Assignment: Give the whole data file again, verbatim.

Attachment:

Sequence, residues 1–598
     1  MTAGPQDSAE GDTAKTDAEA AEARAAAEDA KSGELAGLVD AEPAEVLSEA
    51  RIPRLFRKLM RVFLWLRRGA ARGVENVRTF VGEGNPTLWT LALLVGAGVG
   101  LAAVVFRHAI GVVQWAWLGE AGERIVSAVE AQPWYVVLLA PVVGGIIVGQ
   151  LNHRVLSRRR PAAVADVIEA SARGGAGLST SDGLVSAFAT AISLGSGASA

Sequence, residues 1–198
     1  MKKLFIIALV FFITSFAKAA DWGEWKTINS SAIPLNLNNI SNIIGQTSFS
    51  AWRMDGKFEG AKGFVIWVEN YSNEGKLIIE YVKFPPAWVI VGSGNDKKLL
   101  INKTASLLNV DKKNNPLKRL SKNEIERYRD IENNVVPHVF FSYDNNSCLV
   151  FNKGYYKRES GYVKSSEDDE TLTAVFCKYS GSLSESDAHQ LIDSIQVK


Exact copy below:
Sequence, residues 1–598
     1  MTAGPQDSAE GDTAKTDAEA AEARAAAEDA KSGELAGLVD AEPAEVLSEA
    51  RIPRLFRKLM RVFLWLRRGA ARGVENVRTF VGEGNPTLWT LALLVGAGVG
   101  LAAVVFRHAI GVVQWAWLGE AGERIVSAVE AQPWYVVLLA PVVGGIIVGQ
   151  LNHRVLSRRR PAAVADVIEA SARGGAGLST SDGLVSAFAT AISLGSGASA

Sequence, residues 1–198
     1  MKKLFIIALV FFITSFAKAA DWGEWKTINS SAIPLNLNNI SNIIGQTSFS
    51  AWRMDGKFEG AKGFVIWVEN YSNEGKLIIE YVKFPPAWVI VGSGNDKKLL
   101  INKTASLLNV DKKNNPLKRL SKNEIERYRD IENNVVPHVF FSYDNNSCLV
   151  FNKGYYKRES GYVKSSEDDE TLTAVFCKYS GSLSESDAHQ LIDSIQVK